Is Trump repeating the mistake of Obama's 'peace processors'?

The administration’s persistent courtship of the Palestinian Authority is puzzling precisely because it seems to be odd with the statements of senior U.S. officials and envoys.

Att'y Stephen M. Flatow, | updated: 01:26

S. Flatow
S. Flatow
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Past U.S. administrations invested so heavily in fruitless attempts to facilitate Arab-Israel negotiations that American envoys came to be known as “peace processors”—that is, they were so focused on maintaining the appearance of a “process,” that they couldn’t face up to the obvious fact that the Palestinian Arabs just don’t want peace. 

In other words, for the Obama administration and its predecessors, process was more important than peace.

Is the Trump administration repeating Obama’s mistake? U.S. envoys Jason Greenblatt and Jared Kushner have announced that they will soon be heading back to the Mideast for yet another round of diplomacy concerning their not-yet-revealed “peace plan.”

The administration’s persistent courtship of the Palestinian Authority is puzzling precisely because it seems to be odd with the statements of senior U.S. officials and envoys.

After the murder of Israeli rabbi Raziel Shevach a year ago, the U.S. ambassador to Israel, David Friedman rightly pointed out that “PA laws will provide [the killers] financial rewards. Look no further to why there is no peace.” The PA responded by calling the American ambassador a “son of a dog” and demanding that he be added to the U.S. “global terror list.”

In an address last September, Ambassador Friedman remarked that “since 1994, the United States has thrown more than $10 billion in humanitarian aid to the Palestinians,” yet “we found that these expenditures were bringing the region no closer to peace or stability, not even by a millimeter.”


Greenblatt tweeted to a PA spokesman: “You’re doing nothing [for peace]. You can’t claim to want peace and also try to sabotage the potential for an agreement.”

In December, the ambassador tweeted: “The Pal Authority maintains laws that will compensate these terrorists and their families for their heinous acts. The PA can be a political body OR a sponsor of terror, not both.” It’s pretty obvious which one of those the PA has chosen.

White House envoy Jason Greenblatt likewise has shared some blunt words about the PA. In a December 3 tweet, he wrote that it was “absurd” that the PA “now tries to defend Hamas & terrorism by undermining a condemnation of Hamas at the UN. It’s time to speak the truth.” And in a December 11 op-ed on FoxNews.com, Greenblatt wrote: “The Palestinian Authority continues to reward terrorists and their families and fails to condemn Palestinian terrorist attacks against Israelis. It also defends Hamas, an unrepentant terrorist organization.”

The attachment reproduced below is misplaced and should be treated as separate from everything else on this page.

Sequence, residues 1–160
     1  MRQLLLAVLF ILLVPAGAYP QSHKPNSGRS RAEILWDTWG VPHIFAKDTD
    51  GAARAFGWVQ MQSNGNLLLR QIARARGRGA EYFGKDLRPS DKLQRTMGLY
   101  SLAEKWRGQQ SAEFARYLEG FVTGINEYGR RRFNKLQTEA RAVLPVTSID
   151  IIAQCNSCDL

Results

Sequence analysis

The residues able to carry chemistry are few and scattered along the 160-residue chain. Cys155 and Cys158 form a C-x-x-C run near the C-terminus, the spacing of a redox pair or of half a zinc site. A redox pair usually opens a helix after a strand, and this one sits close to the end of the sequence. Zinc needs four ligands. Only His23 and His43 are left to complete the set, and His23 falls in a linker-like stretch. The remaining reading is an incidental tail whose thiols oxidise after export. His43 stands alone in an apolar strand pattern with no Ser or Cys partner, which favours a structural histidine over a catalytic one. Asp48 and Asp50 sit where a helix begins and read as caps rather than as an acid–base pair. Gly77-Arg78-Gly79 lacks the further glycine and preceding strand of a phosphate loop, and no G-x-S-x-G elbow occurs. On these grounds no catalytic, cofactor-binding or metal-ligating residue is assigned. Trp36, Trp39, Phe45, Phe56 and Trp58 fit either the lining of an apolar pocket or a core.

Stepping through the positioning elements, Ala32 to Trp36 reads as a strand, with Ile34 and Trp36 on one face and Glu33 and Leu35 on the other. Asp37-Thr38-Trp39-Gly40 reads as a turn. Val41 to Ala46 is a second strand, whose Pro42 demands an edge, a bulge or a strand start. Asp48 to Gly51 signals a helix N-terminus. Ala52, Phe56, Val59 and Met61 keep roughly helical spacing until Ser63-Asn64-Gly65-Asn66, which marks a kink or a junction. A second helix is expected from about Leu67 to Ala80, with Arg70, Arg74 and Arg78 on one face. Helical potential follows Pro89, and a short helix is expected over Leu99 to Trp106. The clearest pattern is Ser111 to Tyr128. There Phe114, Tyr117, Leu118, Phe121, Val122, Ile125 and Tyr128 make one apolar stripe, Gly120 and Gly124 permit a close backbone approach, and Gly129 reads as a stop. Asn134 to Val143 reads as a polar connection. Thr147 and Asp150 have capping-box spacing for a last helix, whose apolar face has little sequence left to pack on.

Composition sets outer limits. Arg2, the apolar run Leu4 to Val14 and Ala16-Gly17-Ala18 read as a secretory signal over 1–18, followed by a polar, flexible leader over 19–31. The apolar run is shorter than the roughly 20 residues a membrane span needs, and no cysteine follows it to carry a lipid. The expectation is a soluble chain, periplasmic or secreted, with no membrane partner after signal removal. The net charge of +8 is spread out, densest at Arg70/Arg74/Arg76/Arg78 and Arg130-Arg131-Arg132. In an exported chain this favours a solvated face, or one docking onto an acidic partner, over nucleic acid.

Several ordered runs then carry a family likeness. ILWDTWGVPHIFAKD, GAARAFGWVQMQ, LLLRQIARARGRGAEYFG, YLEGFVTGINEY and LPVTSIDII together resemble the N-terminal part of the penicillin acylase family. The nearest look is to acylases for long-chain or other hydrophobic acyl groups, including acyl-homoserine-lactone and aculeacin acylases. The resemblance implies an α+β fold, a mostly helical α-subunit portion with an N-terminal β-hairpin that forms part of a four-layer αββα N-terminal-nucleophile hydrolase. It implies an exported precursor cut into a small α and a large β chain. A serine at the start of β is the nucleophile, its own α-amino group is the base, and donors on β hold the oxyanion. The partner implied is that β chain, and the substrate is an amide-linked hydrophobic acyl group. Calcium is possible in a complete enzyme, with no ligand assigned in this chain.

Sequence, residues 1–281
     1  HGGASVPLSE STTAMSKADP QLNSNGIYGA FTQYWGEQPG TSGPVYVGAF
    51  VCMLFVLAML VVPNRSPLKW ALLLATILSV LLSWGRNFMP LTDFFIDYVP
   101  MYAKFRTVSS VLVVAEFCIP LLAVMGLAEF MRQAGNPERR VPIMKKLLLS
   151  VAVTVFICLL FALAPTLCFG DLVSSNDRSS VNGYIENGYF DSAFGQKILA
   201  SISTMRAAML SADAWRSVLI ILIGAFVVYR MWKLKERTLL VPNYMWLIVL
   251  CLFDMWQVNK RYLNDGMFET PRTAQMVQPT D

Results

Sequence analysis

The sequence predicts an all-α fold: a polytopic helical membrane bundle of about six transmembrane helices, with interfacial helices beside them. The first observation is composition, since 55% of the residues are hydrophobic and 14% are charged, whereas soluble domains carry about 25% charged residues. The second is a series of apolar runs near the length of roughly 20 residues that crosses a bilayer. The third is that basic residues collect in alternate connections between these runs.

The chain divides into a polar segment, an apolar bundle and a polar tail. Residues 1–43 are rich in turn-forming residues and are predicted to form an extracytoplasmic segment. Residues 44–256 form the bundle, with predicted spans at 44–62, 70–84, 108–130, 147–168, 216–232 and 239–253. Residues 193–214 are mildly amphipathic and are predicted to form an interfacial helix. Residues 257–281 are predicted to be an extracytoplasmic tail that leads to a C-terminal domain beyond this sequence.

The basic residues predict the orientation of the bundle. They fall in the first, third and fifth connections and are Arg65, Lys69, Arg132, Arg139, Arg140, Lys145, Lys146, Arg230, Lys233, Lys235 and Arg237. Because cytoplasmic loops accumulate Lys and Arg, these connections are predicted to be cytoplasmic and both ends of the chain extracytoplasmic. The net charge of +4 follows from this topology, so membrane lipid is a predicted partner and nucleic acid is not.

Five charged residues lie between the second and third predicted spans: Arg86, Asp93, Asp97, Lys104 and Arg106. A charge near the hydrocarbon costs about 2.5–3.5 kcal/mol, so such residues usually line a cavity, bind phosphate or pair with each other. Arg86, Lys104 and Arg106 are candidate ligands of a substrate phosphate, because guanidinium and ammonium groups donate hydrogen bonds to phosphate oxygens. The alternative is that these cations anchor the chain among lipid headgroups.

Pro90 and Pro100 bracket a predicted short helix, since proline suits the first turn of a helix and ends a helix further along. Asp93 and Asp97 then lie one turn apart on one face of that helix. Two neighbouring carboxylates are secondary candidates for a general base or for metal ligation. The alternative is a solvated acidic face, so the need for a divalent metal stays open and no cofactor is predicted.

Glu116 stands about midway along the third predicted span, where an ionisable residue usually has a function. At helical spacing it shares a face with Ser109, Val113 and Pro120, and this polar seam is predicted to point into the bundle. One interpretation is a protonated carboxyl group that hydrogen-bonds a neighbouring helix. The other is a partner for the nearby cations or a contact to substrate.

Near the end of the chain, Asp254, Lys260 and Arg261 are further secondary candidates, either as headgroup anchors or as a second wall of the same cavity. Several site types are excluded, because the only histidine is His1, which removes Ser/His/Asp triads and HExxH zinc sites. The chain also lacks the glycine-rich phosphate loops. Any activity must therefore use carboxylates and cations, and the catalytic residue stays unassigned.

Just last week, Greenblatt tweeted to a PA spokesman: “You’re doing nothing [for peace]. You can’t claim to want peace and also try to sabotage the potential for an agreement.” Greenblatt also accused the PA of wanting “only benefits and no responsibilities” from its relationship with the United States.

Meanwhile, two congressmen have just managed to pry loose from the U.S. Government Accountability Office a previously classified report on schools in the Palestinian Authority areas. The 65-page report states that the PA school curriculum uses “ militaristic and adversarial imagery, and preaches the values of resistance.”

Even math equations are “problematic,” the report found, citing math problems based on the numbers of Arabs allegedly killed by Israelis in various conflicts. I guess that would be something like: “One glorious Palestinian martyr viciously murdered by Israeli Nazis while trying to liberate Palestine, plus two heroic Palestinian fighters savagely slaughtered by Israeli criminals while battling against the evil occupation, equals what?”

Yet U.S. envoys Greenblatt and Kushner are on their way back the region, in order to tell Arab representatives about “the economic portion of the US peace proposal for Israel and the PA…which is expected to include a combination of aid and investment to help the Palestinian people,” an unnamed U.S. official told Reuters.

Translation: the Trump plan includes the U.S. and others pumping billions of dollars into the corrupt terrorist Palestinian Authority regime and the Palestinian state that the plan reportedly will propose to establish. Talk about throwing good money after bad!

One of the most reprehensible images of the pre-Trump Middle East “peace process” years was that of then-Secretary of State Madeleine Albright taking off her high heels so she could run after Yasir Arafat down the hallway, when he stalked out of the negotiations over some triviality. John Kerry’s diplomatic efforts, while not involving high heels, followed the same approach. And yielded the same results.

The Trump administration needs to learn from its predecessors’ mistakes, not repeat them. Running after the Palestinians with armloads of cash has never brought peace, and never will.

(Stephen M. Flatow, an attorney in New Jersey, is the father of Alisa Flatow, who was murdered in an Iranian-sponsored Palestinian terrorist attack in 1995. His book, “A Father’s Story: My Fight for Justice Against Iranian Terror,” has just been published.)




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